The U.S. Chemical Safety and Hazard Investigation Board found in 2007 that the explosion resulted from a lethal combination of cost-cutting, a lack of investment in training and mechanical systems and a lack of vigilance in maintaining safety procedures. The company has implemented sweeping changes in process safety procedures and revamped how it operates refineries. Many of those changes have been adopted by BP's rivals as well.

The question that continues to dog BP and the refining industry: Has it done enough?

It has rejected, for example, a Chemical Safety board recommendation that it add a process safety expert to its board of directors.

More fatalities at plant

Refinery accidents still occur with greater frequency than at other complex and dangerous industries' facilities such as nuclear power plants.

“If the airline industry was having the same number of accidents as the refinery industry, I don't think too many people would be flying,” said John Bresland, chairman of the Chemical Safety and Hazard Investigation Board.

Three more workers have died at the BP refinery in other accidents since the 2005 explosion.

Late last year, the Occupational Safety and Health Administration proposed an $87 million fine, saying the company hadn't made all the required safety upgrades under an agreement BP signed after the explosion. The agency also found more than 400 “willful” safety violations at the plant.

BP is contesting the findings, claiming it has met the terms of safety requirements. Workers who don't need to be inside the refinery — about 450 of them — now work at a nearby office site. All meetings are held in a single blast-proof building at the refinery's edge.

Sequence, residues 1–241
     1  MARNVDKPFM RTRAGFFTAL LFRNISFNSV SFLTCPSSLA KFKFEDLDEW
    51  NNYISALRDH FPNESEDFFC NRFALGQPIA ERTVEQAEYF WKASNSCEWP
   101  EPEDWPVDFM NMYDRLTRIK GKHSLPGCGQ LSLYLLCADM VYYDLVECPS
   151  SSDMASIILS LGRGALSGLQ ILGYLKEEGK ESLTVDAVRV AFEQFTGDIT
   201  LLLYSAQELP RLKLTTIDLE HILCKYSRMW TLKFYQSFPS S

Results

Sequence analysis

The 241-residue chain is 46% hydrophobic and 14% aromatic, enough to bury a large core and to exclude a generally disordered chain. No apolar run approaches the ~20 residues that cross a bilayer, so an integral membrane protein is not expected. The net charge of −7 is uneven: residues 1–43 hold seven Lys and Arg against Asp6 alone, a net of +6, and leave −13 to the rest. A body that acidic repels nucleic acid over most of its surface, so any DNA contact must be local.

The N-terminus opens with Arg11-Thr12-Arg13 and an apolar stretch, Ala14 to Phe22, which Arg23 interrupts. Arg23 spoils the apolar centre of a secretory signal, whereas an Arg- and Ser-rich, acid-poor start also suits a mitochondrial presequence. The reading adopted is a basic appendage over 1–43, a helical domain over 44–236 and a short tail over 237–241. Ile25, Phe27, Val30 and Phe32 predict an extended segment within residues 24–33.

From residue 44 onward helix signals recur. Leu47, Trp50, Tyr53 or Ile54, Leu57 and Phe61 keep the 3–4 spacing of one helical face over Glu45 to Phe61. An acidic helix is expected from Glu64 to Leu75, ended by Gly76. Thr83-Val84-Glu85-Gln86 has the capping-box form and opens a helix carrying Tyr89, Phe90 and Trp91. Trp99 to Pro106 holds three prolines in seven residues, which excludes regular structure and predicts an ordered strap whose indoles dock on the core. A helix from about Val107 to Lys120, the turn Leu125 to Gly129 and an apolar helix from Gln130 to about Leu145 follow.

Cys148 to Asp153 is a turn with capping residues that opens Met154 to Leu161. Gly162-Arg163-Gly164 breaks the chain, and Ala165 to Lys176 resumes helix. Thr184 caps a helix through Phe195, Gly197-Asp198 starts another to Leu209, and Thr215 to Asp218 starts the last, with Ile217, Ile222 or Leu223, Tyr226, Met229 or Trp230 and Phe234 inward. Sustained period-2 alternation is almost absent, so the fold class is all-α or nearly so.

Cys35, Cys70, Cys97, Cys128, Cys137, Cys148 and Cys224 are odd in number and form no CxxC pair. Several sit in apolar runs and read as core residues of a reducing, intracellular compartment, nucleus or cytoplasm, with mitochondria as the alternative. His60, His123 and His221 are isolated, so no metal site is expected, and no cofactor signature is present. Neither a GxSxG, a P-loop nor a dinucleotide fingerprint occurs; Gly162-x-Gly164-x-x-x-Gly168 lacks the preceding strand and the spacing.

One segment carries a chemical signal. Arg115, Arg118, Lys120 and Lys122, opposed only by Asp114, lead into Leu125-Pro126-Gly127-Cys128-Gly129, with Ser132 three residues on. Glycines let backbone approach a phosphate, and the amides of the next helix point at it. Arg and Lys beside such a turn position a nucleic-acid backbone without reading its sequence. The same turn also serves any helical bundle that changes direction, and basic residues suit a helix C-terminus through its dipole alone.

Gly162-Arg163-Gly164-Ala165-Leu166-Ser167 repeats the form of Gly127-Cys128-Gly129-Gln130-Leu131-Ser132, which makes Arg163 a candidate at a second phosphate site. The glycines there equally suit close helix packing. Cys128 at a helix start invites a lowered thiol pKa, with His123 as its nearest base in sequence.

New control systems include “pre-emptive monitoring,” allowing operators to see pressure problems and other discrepancies building before an alarm sounds and giving them more time to avert disaster.

‘I own the future'

Casey was hired by BP in the fall of 2006 to take over operations of the refinery. He came in with a simple motto: “Somebody else owns the past; I own the future.” Yet almost every decision he's made since then has been defined by the refinery's past.

Barely a year after taking over, he went before a judge and pleaded guilty on behalf of the company to a felony violation of the Clean Air Act, agreed to three years probation and the settlement to which OSHA now claims the company isn't adhering.

Barely a year after taking over, he went before a judge and pleaded guilty on behalf of the company to a felony violation of the Clean Air Act, agreed to three years probation and the settlement to which OSHA now claims the company isn't adhering.

Has BP done enough? Casey and Bresland, the Chemical Safety board chairman, agree that question can be answered only with time and “silent running” — good performance without accidents.

While union workers and others praise BP's efforts to improve its operations since the explosion and address the lapses that led to the tragedy, BP can't escape the ugly truth: without the 15 deaths, the company wouldn't have fixed what was wrong.

“It took the explosion,” said Gary Beevers, international vice president for the United Steelworkers union, which represents more than 1,000 workers at the refinery. “As this industry has shown, it takes something terrible for changes to happen.”